However, rather than building a co-operation and universal system, the FDA has presented itself as a ‘global regulator’. For example, in a recent statement the FDA stated that it inspects all brand names and generic manufacturing establishments worldwide based on informants’ information or concerns about drug safety. It is certainly a case of regulatory hyperactivity because no international system exists that establishes American CGMP practice as a global standard.

In addition, under the FSMA, the FDA has a very limited power to prevent the entry of drugs or food into the United States if a foreign entity does not allow its inspection. This emphasis on America’s adherence to better manufacturing practices for the safety of its citizens is commendable, but similarly India companies will oppose the move if India or China make any law and talk about inspection of American food or pharmaceutical establishments.

Biased view


Of the 4,676 human drug installations inspections conducted by the FDA worldwide in the year 2018, 61 percent were inspected by foreign establishments. Similarly, 55 percent of the 1,365 human drug CGMP inspections were conducted by establishments located outside the US. The FDA’s ‘Global Vigilante Experience’ portrays drugs produced in other countries as ‘defective’ or ‘contaminated’ while not openly acknowledging regulatory barriers in the US. In this perspective, it is necessary to mention that America’s Drug Recall List is 149 pages long. This is a list of drugs that have been found to be defective while receiving FDA approval for the last 14 years. It is clear that a biased approach that does not consider all the perspectives can create a false image.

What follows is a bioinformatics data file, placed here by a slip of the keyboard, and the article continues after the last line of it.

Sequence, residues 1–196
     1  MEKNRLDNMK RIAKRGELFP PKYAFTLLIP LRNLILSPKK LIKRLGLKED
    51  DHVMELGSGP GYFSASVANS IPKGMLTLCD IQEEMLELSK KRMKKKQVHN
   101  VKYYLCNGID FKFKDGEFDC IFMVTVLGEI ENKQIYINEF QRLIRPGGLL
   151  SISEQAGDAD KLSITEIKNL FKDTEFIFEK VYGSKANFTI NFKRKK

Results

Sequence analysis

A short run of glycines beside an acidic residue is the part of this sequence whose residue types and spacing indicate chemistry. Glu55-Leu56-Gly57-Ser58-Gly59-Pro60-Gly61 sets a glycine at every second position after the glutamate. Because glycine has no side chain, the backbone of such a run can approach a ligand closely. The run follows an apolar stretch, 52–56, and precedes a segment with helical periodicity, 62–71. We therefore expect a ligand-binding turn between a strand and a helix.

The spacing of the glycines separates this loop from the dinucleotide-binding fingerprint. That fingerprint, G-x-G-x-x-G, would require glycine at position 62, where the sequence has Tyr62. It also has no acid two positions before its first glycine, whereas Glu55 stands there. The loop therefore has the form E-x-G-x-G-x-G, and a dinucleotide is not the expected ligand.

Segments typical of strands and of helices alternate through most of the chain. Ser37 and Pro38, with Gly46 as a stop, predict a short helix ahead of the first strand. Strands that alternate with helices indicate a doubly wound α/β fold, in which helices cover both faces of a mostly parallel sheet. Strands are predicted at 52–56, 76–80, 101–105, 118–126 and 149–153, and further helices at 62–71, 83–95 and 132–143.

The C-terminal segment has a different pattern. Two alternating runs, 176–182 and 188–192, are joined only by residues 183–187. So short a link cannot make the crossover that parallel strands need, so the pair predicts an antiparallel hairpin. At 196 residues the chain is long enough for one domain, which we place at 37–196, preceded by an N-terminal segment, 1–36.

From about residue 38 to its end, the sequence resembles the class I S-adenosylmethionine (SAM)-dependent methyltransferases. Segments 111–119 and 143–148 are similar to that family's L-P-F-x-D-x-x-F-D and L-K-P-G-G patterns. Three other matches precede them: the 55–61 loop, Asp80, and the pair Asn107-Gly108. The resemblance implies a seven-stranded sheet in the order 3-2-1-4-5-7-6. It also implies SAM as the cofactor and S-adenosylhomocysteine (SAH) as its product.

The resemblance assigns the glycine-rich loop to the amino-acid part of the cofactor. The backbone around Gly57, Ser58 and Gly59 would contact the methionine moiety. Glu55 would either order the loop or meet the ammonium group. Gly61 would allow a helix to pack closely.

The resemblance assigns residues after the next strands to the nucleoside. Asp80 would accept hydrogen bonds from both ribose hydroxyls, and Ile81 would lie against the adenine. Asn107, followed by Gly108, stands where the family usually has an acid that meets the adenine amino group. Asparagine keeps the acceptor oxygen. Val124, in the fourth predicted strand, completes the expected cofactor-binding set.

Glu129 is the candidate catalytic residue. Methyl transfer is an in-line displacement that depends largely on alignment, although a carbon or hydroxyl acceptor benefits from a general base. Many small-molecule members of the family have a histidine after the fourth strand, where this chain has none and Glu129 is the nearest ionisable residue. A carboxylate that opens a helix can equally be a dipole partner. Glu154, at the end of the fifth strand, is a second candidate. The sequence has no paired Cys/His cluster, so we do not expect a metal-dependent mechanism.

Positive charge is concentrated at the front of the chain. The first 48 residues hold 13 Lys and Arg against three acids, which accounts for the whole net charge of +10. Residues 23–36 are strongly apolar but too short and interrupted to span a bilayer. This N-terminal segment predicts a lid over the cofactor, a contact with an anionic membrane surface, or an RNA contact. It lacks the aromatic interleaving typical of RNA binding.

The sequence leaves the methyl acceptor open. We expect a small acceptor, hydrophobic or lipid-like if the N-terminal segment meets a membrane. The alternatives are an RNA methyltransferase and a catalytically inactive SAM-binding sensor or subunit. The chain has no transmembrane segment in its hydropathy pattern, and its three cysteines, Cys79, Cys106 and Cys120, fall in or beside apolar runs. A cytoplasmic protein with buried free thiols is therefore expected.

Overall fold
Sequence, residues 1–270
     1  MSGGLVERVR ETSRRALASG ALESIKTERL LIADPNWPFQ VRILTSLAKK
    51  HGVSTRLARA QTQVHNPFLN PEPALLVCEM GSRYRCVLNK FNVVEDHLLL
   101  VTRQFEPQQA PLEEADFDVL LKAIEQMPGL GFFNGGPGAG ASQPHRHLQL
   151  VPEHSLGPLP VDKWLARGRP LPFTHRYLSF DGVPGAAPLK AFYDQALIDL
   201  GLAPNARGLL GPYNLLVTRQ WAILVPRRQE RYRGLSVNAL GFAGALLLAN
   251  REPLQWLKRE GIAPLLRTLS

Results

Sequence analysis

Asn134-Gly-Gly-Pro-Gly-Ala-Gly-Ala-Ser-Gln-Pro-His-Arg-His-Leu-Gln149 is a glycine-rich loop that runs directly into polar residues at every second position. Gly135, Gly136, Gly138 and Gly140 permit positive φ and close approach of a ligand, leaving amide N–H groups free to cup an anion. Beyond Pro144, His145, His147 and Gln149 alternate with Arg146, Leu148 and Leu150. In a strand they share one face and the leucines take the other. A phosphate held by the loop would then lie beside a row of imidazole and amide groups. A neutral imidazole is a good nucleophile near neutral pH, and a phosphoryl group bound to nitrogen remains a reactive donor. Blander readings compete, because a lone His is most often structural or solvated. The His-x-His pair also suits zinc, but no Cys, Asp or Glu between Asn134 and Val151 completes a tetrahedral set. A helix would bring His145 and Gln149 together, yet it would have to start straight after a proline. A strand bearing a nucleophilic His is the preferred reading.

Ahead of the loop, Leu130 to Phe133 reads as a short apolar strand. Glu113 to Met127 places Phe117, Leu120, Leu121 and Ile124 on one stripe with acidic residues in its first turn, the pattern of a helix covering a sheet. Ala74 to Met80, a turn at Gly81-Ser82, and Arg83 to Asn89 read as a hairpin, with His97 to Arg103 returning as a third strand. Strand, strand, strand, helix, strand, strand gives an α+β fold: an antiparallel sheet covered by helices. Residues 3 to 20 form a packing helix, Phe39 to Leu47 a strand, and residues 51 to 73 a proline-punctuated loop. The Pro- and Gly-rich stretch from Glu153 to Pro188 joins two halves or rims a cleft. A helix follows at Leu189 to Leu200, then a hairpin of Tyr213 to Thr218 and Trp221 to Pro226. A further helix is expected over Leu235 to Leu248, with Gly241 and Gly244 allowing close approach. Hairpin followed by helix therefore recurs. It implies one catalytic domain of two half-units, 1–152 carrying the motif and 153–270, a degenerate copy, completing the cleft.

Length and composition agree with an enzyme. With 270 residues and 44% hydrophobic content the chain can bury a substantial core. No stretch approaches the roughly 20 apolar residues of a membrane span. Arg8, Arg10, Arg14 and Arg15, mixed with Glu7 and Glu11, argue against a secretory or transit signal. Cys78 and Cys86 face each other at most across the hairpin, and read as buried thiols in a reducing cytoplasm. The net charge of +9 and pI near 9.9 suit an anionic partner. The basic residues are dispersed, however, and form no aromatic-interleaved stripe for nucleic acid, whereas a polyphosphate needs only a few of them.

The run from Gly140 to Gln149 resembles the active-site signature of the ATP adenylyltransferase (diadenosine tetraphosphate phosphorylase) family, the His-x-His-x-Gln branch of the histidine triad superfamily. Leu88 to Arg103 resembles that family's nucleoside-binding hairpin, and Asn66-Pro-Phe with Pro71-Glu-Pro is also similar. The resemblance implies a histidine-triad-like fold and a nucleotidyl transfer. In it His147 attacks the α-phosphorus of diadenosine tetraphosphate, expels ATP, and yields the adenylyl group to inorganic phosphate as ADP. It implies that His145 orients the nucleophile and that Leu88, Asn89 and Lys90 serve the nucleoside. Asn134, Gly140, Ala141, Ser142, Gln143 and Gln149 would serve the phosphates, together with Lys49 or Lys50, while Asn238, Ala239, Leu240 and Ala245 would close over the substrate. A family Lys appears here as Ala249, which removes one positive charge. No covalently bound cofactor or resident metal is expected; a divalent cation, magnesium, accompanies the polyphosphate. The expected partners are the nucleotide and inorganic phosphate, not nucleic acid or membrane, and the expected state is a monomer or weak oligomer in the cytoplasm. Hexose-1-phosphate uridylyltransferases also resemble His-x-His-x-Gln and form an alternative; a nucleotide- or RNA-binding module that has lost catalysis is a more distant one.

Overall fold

Many issues, small and large, may emerge in the inspection of production facilities conducted by the FDA. There is no measure to determine whether the problems highlighted in the final report are simple problems or complex problems (such as the use of contaminated water). The absence of a suitable scale creates a drawback where the regulator has the opportunity to select an establishment on its own and portray all instances of noncompliance as gross violations.

Also, there is no clear legal definition in the US for the term ‘Contaminated Drugs’ often used. Section 351 of heading 21 of the US Code defines adulterated drugs. When a drug is considered ‘adulterated’ to be contaminated, the regulator has to clarify to which this adulteration relates to manufacturing methods, standard packing methods, or production practices.

WTO & WHO & Generic Medicines

The World Trade Organization (WTO) is the world’s largest trade forum discussing trade related issues and policy making. Generic medicines have also been an important issue before the WTO. Often, developing and less developed countries favor generic medicines. The main motive behind this is their cheap prices. At the same time, developed countries, which are pioneers in the field of drug trade, are often seen opposing these drugs. The main reason for this is that generic medicines are available in the market at cheaper prices whereas patent medicines which are mainly produced by companies of developed countries are more expensive.